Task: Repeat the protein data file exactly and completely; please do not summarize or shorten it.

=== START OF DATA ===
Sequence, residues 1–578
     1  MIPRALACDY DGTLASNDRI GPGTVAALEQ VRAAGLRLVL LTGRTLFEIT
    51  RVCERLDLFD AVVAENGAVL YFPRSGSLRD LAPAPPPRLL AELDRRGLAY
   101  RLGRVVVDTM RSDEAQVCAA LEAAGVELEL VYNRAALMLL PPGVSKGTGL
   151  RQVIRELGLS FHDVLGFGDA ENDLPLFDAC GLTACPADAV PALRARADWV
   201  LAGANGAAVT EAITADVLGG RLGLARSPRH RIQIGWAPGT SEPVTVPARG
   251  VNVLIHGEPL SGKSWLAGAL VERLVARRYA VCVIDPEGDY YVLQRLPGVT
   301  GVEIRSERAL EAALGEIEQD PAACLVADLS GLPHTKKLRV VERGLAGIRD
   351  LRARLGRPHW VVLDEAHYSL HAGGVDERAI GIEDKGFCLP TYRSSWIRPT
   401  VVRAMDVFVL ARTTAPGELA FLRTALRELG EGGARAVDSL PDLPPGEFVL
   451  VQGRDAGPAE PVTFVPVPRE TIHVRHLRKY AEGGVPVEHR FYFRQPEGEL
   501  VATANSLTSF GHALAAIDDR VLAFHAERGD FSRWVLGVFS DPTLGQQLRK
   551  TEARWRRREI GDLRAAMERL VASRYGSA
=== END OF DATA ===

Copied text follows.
Sequence, residues 1–578
     1  MIPRALACDY DGTLASNDRI GPGTVAALEQ VRAAGLRLVL LTGRTLFEIT
    51  RVCERLDLFD AVVAENGAVL YFPRSGSLRD LAPAPPPRLL AELDRRGLAY
   101  RLGRVVVDTM RSDEAQVCAA LEAAGVELEL VYNRAALMLL PPGVSKGTGL
   151  RQVIRELGLS FHDVLGFGDA ENDLPLFDAC GLTACPADAV PALRARADWV
   201  LAGANGAAVT EAITADVLGG RLGLARSPRH RIQIGWAPGT SEPVTVPARG
   251  VNVLIHGEPL SGKSWLAGAL VERLVARRYA VCVIDPEGDY YVLQRLPGVT
   301  GVEIRSERAL EAALGEIEQD PAACLVADLS GLPHTKKLRV VERGLAGIRD
   351  LRARLGRPHW VVLDEAHYSL HAGGVDERAI GIEDKGFCLP TYRSSWIRPT
   401  VVRAMDVFVL ARTTAPGELA FLRTALRELG EGGARAVDSL PDLPPGEFVL
   451  VQGRDAGPAE PVTFVPVPRE TIHVRHLRKY AEGGVPVEHR FYFRQPEGEL
   501  VATANSLTSF GHALAAIDDR VLAFHAERGD FSRWVLGVFS DPTLGQQLRK
   551  TEARWRRREI GDLRAAMERL VASRYGSA